The median amount that U.S. workers have saved for retirement is just $50,000, according to a recent report from the Transamerica Center for Retirement Studies. Even among baby boomers -- the generation that is currently in the midst of retiring -- the median worker only has about $144,000 socked away. For many, that amount of money likely will be depleted after just a few years in retirement.

Fortunately, Social Security benefits will provide retirees with a steady income stream to supplement whatever they have saved. Unfortunately, many people underestimate just how much they'll wind up depending on those monthly checks in retirement.

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Social Security's role in retirement

Half of America's pre-retirees expect Social Security benefits to be a major source of income for them in retirement, a 2019 survey by the Society of Actuaries found. However, among those who actually are retired, 64% say Social Security provides a major share of their income. In other words, a significant fraction of them overestimated the amount that other sources would contribute to their budgets. If you're not smart about planning for retirement, there's a fair chance that you too may end up depending on your benefits more than you expect to.

There are two main problems with relying too heavily on Social Security, however. First, the program is only designed to replace around 40% of your pre-retirement income -- it's not meant to cover the lion's share of your budget in retirement. Additionally, there's a chance that benefits could be reduced for everyone in the not-so-distant future.

The program will soon begin distributing more money than it takes in, at which point it will start rapidly drawing down on the Social Security Trust Fund. Based on current forecasts from the SSA Board of Trustees, that fund could run dry as early as 2034, at which point benefits would have to be cut by nearly 25%. That's assuming that Congress doesn't agree on a solution to the program's cash shortage problem before then.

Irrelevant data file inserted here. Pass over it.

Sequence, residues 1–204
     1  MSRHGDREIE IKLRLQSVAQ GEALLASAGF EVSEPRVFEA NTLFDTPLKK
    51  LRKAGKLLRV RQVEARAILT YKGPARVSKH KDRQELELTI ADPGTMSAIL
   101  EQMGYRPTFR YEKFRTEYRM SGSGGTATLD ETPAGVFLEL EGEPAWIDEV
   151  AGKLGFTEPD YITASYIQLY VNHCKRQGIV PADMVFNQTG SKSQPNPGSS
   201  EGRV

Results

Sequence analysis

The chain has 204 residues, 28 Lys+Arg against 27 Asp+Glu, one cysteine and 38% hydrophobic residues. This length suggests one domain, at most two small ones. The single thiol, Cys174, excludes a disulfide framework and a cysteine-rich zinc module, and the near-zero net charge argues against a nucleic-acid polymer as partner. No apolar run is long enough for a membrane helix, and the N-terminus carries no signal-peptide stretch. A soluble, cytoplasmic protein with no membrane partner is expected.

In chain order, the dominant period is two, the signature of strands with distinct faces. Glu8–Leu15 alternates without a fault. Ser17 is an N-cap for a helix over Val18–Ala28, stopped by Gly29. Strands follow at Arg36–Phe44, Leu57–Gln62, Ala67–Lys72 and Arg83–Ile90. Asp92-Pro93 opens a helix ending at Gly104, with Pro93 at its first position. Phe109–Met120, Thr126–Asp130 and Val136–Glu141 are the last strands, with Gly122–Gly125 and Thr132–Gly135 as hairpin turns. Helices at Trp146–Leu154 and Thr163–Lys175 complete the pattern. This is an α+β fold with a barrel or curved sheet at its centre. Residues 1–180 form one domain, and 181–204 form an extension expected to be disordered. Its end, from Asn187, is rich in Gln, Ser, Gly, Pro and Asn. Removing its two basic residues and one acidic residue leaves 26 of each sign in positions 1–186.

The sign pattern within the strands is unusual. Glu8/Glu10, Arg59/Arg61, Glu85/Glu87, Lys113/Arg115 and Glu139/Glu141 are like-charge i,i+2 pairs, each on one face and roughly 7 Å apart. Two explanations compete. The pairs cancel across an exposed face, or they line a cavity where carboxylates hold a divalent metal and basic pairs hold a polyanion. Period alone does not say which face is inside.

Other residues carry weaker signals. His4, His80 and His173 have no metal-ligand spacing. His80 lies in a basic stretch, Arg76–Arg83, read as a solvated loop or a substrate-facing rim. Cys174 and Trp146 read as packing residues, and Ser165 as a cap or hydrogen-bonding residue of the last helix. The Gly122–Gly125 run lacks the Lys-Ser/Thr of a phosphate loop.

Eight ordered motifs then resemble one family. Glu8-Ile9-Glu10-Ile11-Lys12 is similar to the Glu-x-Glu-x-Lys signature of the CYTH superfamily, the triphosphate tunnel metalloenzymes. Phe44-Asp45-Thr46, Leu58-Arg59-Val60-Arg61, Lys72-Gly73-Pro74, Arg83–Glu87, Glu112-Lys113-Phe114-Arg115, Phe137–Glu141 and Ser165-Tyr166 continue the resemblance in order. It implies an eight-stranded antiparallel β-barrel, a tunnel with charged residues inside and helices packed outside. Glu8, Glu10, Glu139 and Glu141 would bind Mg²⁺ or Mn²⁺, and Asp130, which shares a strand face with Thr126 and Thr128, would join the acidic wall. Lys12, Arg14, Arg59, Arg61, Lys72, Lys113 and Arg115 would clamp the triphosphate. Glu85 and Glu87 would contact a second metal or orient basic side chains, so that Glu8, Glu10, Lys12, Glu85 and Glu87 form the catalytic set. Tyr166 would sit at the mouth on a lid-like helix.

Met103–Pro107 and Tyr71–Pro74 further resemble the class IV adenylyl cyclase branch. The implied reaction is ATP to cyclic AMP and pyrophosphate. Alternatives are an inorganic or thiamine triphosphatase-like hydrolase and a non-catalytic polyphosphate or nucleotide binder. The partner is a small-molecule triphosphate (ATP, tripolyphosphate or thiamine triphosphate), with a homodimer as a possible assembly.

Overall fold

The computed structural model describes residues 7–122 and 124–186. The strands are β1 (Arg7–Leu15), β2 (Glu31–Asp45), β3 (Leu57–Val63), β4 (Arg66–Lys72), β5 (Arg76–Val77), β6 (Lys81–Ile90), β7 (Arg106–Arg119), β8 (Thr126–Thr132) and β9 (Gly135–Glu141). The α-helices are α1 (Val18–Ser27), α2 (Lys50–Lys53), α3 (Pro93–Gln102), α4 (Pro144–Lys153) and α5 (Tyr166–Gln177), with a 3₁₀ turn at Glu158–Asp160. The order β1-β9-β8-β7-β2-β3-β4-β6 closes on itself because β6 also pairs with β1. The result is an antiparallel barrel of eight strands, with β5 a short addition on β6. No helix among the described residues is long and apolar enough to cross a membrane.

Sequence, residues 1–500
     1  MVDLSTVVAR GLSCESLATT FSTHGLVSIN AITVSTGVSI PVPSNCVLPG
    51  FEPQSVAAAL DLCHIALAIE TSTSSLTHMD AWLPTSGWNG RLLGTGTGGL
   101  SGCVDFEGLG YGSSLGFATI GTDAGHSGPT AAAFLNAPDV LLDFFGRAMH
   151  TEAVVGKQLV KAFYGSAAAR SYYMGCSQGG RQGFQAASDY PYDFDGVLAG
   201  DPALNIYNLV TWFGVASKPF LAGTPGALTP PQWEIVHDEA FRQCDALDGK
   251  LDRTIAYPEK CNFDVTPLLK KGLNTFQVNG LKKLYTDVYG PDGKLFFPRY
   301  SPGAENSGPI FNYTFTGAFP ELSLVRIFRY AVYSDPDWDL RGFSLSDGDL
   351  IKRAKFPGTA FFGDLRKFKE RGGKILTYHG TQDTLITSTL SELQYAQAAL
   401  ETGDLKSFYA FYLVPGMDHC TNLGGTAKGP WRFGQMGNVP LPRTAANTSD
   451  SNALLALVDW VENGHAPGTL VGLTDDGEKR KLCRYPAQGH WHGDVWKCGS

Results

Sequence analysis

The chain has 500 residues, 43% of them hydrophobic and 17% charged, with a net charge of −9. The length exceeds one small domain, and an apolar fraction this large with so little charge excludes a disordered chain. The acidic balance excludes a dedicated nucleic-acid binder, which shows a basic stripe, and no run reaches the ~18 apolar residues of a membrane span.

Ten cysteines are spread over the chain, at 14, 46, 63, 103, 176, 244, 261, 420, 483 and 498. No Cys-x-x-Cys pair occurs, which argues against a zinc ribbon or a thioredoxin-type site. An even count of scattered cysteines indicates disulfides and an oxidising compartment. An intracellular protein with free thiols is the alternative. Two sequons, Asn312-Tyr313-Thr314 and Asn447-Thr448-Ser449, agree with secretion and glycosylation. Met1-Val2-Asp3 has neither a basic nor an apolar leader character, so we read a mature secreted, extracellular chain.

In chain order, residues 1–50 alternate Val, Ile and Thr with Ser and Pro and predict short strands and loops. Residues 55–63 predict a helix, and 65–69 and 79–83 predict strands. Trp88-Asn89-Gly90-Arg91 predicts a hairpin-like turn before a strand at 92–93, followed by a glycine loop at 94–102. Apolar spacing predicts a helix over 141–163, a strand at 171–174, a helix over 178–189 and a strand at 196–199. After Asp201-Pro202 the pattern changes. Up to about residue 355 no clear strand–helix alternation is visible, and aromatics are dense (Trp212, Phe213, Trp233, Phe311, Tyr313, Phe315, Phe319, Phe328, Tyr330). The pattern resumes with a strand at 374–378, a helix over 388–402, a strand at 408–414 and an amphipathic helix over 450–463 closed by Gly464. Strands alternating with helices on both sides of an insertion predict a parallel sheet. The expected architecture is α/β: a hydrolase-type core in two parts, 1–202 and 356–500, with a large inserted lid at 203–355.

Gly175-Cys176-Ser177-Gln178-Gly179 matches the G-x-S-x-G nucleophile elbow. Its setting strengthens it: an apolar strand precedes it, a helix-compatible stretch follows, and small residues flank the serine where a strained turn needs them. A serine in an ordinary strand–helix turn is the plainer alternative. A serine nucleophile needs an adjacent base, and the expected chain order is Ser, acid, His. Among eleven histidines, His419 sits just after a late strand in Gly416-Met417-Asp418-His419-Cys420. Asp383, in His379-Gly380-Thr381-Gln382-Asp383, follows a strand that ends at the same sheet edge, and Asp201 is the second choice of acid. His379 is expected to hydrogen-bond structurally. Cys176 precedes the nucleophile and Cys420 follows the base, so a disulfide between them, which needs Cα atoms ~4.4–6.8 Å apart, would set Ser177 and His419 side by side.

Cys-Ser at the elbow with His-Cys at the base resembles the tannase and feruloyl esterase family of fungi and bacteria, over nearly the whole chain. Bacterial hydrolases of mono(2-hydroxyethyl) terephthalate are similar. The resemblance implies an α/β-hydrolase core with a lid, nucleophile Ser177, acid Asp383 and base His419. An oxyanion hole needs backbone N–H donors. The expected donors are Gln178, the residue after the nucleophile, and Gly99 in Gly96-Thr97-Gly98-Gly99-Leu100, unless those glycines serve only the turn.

If Social Security winds up being your top source of income in retirement, these potential cuts could significantly affect your lifestyle. But regardless of what happens with Social Security down the road, it's a good idea to be prepared for anything.

Preparing for retirement without Social Security

Even if there are cuts to Social Security, you'll still be able to depend on your benefits to some degree. However, it's smart to plan for retirement with the goal of having Social Security benefits make up a relatively small portion of your income.

The obvious way to reduce your dependence on the government's pension program is to save and invest more in your retirement savings accounts. That's not always easy, but the sooner you start, the longer you'll have to take advantage of the power of compound growth. So start early, and make a habit of combing through your budget to see if there are areas where you can cut back, enabling you to route more cash into your investments. You may need to make some sacrifices, but those can set you up for a more financially secure retirement.

In addition, you may consider waiting a few years longer before filing for Social Security. Americans can claim their benefits as early as age 62, but you'll receive less money each month if you do so. The longer you wait to file for benefits (up to age 70), the bigger your checks will be. Not everyone will be able to wait that long to begin claiming, but if you can swing it, delaying benefits can be a smart option to boost your annual retirement income.

Social Security is an important factor to consider when preparing for retirement, but it's equally important to make sure you're being realistic about how much you can rely on your benefits to provide. By beefing up your savings and maximizing your monthly checks, you can ensure you're as prepared as possible for retirement.